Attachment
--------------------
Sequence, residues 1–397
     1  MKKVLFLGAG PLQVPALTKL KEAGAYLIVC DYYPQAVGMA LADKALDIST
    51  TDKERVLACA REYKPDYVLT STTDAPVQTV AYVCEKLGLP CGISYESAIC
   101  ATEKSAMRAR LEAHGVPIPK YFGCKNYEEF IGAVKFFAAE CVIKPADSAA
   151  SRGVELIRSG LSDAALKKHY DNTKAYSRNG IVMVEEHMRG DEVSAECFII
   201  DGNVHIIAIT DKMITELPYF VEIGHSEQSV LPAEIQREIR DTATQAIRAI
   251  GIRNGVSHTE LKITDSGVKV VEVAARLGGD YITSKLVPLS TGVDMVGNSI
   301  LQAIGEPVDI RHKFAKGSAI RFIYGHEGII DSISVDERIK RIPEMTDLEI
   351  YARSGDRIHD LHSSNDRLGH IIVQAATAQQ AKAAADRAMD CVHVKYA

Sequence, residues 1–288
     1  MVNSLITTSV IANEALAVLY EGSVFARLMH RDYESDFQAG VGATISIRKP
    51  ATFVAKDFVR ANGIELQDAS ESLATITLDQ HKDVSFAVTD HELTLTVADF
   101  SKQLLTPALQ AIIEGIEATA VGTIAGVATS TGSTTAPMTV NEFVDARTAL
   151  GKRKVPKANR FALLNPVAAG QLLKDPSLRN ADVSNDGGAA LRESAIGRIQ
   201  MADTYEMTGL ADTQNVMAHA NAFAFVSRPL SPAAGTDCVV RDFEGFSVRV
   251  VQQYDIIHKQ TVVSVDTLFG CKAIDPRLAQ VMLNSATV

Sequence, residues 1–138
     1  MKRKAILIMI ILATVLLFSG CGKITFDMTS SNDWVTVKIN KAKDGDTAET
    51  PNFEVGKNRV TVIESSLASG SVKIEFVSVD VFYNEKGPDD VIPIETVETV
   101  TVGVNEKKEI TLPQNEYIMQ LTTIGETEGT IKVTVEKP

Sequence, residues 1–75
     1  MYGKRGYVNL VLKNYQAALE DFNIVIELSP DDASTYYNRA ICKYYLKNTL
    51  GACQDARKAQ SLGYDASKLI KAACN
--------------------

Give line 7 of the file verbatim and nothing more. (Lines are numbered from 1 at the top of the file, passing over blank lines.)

   251  GIRNGVSHTE LKITDSGVKV VEVAARLGGD YITSKLVPLS TGVDMVGNSI